Sexism at the Olympics

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Earlier today, Slate reported on Fox News commentators sexist remarks aimed at female Olympians. Speaking on the program Sports Court, media personality Bo Dietl encouraged women to wear make-up during the medal ceremony as he likes “to see a person who wins that gold medal go up there and look beautiful.” For good measure, Dietl also chided a (hypothetical) make-up-free, medal-winning female athlete as being a “washed-out rag.”

Unfortunately, this type of sexism isn’t new, and it certainly isn’t unique to the Olympics. Last year, I reported on a study that found women’s sports as a whole “received a paltry 1.6% of the coverage on TV news, and an anemic 1.4% on ESPN’s SportsCenter.”

Though its been 40-plus years since the passage of Title IX—which prohibits sex discrimination in educational settings—women still face an uphill battle against stereotypical gender roles, as evidenced by this latest Fox News segment. One 2008 study on women athletes’ perceptions of femininity and sports found that they are forced to walk the thin line between societal expectations at large versus their own desired images and ideals. As Kate Wheeling reported:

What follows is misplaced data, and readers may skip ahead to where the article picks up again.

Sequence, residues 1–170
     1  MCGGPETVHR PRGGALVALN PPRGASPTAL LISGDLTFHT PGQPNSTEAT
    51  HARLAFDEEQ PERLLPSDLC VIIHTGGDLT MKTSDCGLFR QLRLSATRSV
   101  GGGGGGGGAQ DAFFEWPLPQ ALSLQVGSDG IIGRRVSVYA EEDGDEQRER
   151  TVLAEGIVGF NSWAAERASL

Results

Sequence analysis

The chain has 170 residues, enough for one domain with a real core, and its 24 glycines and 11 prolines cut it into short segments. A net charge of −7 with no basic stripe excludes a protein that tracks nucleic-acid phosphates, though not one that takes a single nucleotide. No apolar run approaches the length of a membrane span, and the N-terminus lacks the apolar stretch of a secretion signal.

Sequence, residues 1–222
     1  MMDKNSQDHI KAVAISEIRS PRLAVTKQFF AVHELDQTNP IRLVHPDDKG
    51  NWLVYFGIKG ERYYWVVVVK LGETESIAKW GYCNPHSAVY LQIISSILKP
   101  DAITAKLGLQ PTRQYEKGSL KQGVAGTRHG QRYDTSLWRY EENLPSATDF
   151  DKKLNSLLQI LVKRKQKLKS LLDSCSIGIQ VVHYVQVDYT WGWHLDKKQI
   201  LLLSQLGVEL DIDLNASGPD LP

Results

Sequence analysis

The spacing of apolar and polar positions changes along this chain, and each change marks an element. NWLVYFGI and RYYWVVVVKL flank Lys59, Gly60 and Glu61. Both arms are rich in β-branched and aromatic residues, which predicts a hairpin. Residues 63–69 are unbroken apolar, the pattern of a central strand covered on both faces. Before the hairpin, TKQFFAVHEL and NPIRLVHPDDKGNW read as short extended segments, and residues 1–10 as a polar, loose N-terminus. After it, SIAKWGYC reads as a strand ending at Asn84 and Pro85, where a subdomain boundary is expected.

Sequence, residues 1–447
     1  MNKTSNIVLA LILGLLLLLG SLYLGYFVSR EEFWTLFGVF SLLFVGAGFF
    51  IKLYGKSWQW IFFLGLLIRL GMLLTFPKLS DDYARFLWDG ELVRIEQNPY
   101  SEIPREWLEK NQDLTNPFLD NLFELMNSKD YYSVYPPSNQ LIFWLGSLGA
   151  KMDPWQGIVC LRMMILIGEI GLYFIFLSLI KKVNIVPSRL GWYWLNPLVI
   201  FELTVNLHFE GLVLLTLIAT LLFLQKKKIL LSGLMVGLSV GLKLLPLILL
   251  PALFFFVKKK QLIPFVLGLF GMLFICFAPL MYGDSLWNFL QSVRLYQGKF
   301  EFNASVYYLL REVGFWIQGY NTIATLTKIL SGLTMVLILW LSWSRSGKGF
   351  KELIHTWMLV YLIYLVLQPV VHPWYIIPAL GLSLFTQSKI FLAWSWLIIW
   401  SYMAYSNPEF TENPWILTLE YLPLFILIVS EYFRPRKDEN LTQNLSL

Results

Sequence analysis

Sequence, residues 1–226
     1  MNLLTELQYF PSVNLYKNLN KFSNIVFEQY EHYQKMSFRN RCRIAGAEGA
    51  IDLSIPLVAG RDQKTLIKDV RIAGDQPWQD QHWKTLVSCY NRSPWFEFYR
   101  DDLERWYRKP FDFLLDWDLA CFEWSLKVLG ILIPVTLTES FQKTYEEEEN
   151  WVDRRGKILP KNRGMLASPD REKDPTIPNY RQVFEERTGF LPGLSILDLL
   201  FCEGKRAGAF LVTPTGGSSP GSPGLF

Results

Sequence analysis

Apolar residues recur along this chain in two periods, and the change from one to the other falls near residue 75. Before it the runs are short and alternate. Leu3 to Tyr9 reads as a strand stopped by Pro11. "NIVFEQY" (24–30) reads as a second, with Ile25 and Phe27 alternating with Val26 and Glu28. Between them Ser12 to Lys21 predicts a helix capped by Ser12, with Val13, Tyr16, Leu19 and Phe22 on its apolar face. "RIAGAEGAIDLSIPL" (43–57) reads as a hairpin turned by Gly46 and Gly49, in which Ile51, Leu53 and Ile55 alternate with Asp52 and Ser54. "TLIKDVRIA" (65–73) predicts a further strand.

The study found that the female college athletes interviewed chose to portray their own version of feminine ideals, when and how they saw fit, as opposed to endorsing pre-existing gender norms: For example, in day-to-day appearances, dressing up for class involved “cute sweats” or, at most, jeans. “Many of the athletes seemed to have created their own reality that allows them to view themselves as women who are also serious competitors,” the authors wrote.

The point being: Let the athletes worry about the sports.

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